A Florida Senate bill seeking to prohibit local regulation of trees on private property stalled Tuesday but the controversial proposal could still take root.
The Senate’s Community Affairs Committee ran out of time at its Tallahassee session Tuesday to consider SB 574, which seeks to prevent local governments statewide from enacting laws that affect trees on private property.
The bill could surface again at next week’s Community Affairs committee meaning, noted Miami-Dade and Florida Keys state Sen. Anitere Flores’ office.
State Sen. Greg Steube (R-Sarasota County) filed SB 574 “to stop the overreach of our counties and cities,” he wrote in a statement.
“As a property owner, you should not be required to obtain permission from the government ... to remove a tree on your property,” Steube wrote.
The 1000 Friends of Florida conservation group and similar organizations have issued calls for Florida residents to urge their state Senate and House representatives to block SB 574.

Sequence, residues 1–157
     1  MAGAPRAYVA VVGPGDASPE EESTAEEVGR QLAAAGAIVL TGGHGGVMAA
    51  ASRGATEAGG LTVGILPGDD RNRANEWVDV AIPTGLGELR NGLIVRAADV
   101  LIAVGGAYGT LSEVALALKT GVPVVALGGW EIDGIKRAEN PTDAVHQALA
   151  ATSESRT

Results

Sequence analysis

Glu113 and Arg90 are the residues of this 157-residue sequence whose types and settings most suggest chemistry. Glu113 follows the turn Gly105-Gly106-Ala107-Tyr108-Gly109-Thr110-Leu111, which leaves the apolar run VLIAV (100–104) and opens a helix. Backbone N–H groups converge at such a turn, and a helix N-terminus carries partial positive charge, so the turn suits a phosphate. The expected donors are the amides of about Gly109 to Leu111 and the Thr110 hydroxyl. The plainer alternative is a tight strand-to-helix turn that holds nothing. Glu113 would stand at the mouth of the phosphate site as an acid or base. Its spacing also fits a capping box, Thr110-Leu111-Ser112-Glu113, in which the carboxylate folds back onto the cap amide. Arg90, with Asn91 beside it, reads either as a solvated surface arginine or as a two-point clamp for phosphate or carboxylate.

“We’re very concerned about this bill that would be a very serious preemption of local governments’ right to protect their community’s trees,” said Friends interim president Vivian Young. “We are still monitoring it very closely.”
Karen DeMaria, urban forestry manager for the Key West Tree Commission, said recently that passage of the bill would be “devastating” to the Florida Keys.
“People could cut down whatever they wanted, wherever they wanted, under these bills,” DeMaria said. “Nothing requires them to replant anything.”
Monroe County and Keys municipal officials headed to Tallahassee this week for today’s Florida Keys Day, where they planned to speak with legislators and agency staffers about several pending bills that could curtail local authority on regulations, including limits on vacation rentals in residential neighborhoods.
Kevin Wadlow: 305-440-3206